“Thinking reader, the reason seems to me twofold: First, that Man is a Spirit, and bound by invisible bonds to All Men; secondly, that he wears Clothes, which are the visible emblems of that fact. Has not your Red hanging-individual a horsehair wig, squirrel-skins, and a plush-gown; whereby all mortals know that he is a JUDGE? — Society, which the more I think of it astonishes me the more, is founded upon Cloth.

“Often in my atrabiliar moods, when I read of pompous ceremonials, Frankfort Coronations, Royal Drawing-rooms, Levees, Couchees; and how the ushers and macers and pursuivants are all in waiting; how Duke this is presented by Archduke that, and Colonel A by General B, and innumerable Bishops, Admirals, and miscellaneous Functionaries, are advancing gallantly to the Anointed Presence; and I strive, in my remote privacy, to form a clear picture of that solemnity, — on a sudden, as by some enchanter’s wand, the — shall I speak it? — the Clothes fly off the whole dramatic corps; and Dukes, Grandees, Bishops, Generals, Anointed Presence itself, every mother’s son of them, stand straddling there, not a shirt on them; and I know not whether to laugh or weep. This physical or psychical infirmity, in which perhaps I am not singular, I have, after hesitation, thought right to publish, for the solace of those afflicted with the like.”

Would to Heaven, say we, thou hadst thought right to keep it secret! Who is there now that can read the five columns of Presentations in his Morning Newspaper without a shudder? Hypochondriac men, and all men are to a certain extent hypochondriac, should be more gently treated. With what readiness our fancy, in this shattered state of the nerves, follows out the consequences which Teufelsdrockh, with a devilish coolness, goes on to draw:—

“What would Majesty do, could such an accident befall in reality; should the buttons all simultaneously start, and the solid wool evaporate, in very Deed, as here in Dream? Ach Gott! How each skulks into the nearest hiding-place; their high State Tragedy (Haupt — und Staats–Action) becomes a Pickleherring–Farce to weep at, which is the worst kind of Farce; the tables (according to Horace), and with them, the whole fabric of Government, Legislation, Property, Police, and Civilized Society, are dissolved, in wails and howls.”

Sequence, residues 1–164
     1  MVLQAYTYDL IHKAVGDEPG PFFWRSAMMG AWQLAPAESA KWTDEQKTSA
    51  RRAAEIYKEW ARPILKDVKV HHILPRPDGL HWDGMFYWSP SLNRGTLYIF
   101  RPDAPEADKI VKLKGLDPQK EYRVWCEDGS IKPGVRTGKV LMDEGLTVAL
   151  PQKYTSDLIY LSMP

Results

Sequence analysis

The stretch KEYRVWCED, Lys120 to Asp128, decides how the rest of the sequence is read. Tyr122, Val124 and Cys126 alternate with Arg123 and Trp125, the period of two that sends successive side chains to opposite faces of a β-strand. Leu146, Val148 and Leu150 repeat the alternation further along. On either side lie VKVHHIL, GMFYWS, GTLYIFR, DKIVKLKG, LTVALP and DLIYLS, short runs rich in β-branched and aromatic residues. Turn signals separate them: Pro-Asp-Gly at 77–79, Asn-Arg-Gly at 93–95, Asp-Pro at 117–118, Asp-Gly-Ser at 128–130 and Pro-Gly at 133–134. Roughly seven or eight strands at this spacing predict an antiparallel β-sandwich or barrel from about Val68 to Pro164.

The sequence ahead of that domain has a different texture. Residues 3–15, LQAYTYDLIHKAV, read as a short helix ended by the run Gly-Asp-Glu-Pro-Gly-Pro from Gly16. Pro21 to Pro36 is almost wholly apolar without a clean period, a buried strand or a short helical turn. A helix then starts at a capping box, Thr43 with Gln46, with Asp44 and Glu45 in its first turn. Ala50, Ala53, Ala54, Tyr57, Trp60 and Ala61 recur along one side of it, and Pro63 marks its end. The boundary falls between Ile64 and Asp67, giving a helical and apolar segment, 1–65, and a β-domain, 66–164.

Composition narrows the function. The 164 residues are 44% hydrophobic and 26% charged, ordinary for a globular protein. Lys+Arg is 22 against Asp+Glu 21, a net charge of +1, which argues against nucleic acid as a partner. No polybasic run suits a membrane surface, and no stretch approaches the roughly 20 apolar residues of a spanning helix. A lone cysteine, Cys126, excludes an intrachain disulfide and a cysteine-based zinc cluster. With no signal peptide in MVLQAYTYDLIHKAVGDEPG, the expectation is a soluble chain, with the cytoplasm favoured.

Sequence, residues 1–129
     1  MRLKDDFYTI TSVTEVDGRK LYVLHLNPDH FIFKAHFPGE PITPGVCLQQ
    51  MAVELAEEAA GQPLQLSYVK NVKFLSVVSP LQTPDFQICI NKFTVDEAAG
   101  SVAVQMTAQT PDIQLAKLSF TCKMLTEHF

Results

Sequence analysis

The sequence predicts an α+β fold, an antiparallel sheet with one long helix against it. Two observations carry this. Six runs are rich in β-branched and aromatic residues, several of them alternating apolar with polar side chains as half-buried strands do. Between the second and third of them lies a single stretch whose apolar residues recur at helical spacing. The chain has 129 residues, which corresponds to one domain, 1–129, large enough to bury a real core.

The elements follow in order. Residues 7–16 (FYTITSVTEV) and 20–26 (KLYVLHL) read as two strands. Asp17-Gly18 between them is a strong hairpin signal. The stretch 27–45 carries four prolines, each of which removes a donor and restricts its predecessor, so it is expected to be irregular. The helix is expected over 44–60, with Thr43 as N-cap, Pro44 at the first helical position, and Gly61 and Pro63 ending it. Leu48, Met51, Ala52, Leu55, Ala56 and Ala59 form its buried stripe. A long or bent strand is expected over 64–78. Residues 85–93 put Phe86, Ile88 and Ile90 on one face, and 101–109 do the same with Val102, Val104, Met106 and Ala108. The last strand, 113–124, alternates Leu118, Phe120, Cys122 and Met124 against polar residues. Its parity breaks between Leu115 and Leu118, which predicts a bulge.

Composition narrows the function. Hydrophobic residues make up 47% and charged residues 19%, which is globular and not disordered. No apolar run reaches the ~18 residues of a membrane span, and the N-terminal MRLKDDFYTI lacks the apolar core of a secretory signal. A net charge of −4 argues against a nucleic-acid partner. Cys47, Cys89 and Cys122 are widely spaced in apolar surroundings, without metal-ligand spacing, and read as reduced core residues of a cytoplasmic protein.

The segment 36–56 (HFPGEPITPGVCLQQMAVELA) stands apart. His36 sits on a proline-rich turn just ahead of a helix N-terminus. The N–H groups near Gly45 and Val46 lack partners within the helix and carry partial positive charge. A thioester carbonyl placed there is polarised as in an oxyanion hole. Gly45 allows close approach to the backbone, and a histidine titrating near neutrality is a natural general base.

Lives the man that can figure a naked Duke of Windlestraw addressing a naked House of Lords? Imagination, choked as in mephitic air, recoils on itself, and will not forward with the picture. The Woolsack, the Ministerial, the Opposition Benches — infandum! infandum! And yet why is the thing impossible? Was not every soul, or rather every body, of these Guardians of our Liberties, naked, or nearly so, last night; “a forked Radish with a head fantastically carved”? And why might he not, did our stern fate so order it, walk out to St. Stephen’s, as well as into bed, in that no-fashion; and there, with other similar Radishes, hold a Bed of Justice? “Solace of those afflicted with the like!” Unhappy Teufelsdrockh, had man ever such a “physical or psychical infirmity” before? And now how many, perhaps, may thy unparalleled confession (which we, even to the sounder British world, and goaded on by Critical and Biographical duty, grudge to reimpart) incurably infect therewith! Art thou the malignest of Sansculottists, or only the maddest?

“It will remain to be examined,” adds the inexorable Teufelsdrockh, “in how far the SCARECROW, as a Clothed Person, is not also entitled to benefit of clergy, and English trial by jury: nay perhaps, considering his high function (for is not he too a Defender of Property, and Sovereign armed with the terrors of the Law?), to a certain royal Immunity and Inviolability; which, however, misers and the meaner class of persons are not always voluntarily disposed to grant him.”

“O my Friends, we are [in Yorick Sterne’s words] but as ‘turkeys driven, with a stick and red clout, to the market:’ or if some drivers, as they do in Norfolk, take a dried bladder and put peas in it, the rattle thereof terrifies the boldest!”

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Last updated Thursday, March 13, 2014 at 21:30